Web site:  www.kimaddonizio.comTwitter: kim_addonizio, Facebook: Kim Addonizio

 

9:00 - 9:50 am, Location: Pickard - Starting and Facilitating Writing Groups with Underserved Populations

Daldorph will share his many years of experience teaching at jails and detention facilities (including the Adolescent Treatment Center in Olathe), making suggestions about what participants can do to get involved in this work.

Brian Daldorph teaches at the University of Kansas and Douglas County Jail in Lawrence, Kansas.  He edits the literary journal Coal City Review (founded in 1989). His most recent book of poems is Ice Age/Edad de Hielo (Irrupciones Press, 2017), about his father’s life and his struggle in his late years with Alzheimer’s.

Brian has taught in England, Japan, France, Senegal, Zambia.  He has published five full-length books of poems, and also short stories, analytical essays, book reviews, etc.

Since 2001 he has been teaching a writing class at Douglas County Jail in Lawrence, Kansas.  His work there led to the publication of Douglas County Jail Blues (Coal City P, 2010), an anthology of inmate poetry, and Jail Time (Original Plus P, 2008), poetry based on his experience teaching at the jail.  He also occasionally teaches at a writing class in Lansing Prison.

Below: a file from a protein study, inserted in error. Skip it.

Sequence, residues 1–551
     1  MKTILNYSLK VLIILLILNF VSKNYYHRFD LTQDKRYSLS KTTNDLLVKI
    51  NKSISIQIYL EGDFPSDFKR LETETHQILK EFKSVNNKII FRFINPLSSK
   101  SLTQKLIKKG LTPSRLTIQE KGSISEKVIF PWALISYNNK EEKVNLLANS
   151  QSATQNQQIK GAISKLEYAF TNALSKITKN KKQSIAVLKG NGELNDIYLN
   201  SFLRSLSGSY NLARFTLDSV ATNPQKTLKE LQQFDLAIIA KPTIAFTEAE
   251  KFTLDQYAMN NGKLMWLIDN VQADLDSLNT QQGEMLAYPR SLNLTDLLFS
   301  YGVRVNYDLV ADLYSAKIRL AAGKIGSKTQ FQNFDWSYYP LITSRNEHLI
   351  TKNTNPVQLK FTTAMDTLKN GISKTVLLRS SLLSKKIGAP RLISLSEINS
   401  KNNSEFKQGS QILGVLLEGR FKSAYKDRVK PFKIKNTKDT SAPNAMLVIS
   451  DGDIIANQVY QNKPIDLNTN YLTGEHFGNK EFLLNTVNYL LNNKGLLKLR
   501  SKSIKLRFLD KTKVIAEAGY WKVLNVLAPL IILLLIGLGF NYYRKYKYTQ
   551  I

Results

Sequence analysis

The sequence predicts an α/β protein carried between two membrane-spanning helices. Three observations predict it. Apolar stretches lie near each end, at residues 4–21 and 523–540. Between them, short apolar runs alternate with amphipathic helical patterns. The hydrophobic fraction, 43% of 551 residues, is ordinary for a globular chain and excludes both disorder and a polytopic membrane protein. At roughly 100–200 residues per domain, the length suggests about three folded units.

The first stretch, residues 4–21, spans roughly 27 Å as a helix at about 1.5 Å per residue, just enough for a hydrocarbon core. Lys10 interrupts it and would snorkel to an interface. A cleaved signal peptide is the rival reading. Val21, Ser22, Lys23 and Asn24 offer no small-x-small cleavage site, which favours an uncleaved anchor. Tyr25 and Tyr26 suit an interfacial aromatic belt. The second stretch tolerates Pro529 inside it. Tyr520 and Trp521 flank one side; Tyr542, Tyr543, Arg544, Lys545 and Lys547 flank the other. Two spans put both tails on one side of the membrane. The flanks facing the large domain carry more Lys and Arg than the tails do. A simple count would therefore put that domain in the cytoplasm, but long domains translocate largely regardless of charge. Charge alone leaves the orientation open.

briandal@ku.edubriandaldorph@gmail.com

Coal City Review website

 

9:00 - 9:50 am, Location: Learning Lab - Prompts to Jumpstart  Your Writing

A few of the exercises we will be using:

Create a word-cloud from lines of poetry and prose read out loud from current poetry collections. Create a poem or short prose piece from fragments chosen in the participants' clouds.

Using exercises from Kim Addonizio’s book, Ordinary Genius, participants will engage in some stream of consciousness writing.

Ekphrasis: A visual prompt using a piece of artwork to create a poem or short prose narrative.

Chell Navarro grew up on a farm outside of the KC metro area. She would spend hours hiding in the attic or barn reading and dreaming of the poetry she would write once she escaped to the city only to realize the farm is the best place to thrive. She holds an MFA in Poetry from the University of Missouri-Kansas City. As the program coordinator at The Writers Place she is living her best life surrounded by writers and artists. Her publications include: Bear Review, I-70 Review, Sprung Formal, and Typishly. Chell lives in Kansas City but considers Taos, New Mexico and the surrounding Sangre de Cristo Mountains her spiritual home.

 

10:00 - 10:50 am, Location: Carmack - Steps to Traditional Publication

Jessica Conoley takes you on a behind the scenes look at traditional publication. Using her writing career as a case study, Conoley guides you through a novel's first critiques, to finding an agent, and submitting a final manuscript with the Big-5 publishers. Conoley brings five years of managing editor experience and nine years of professional writing experience with her, allowing insight into both the writer's and editor’s perspectives on publication.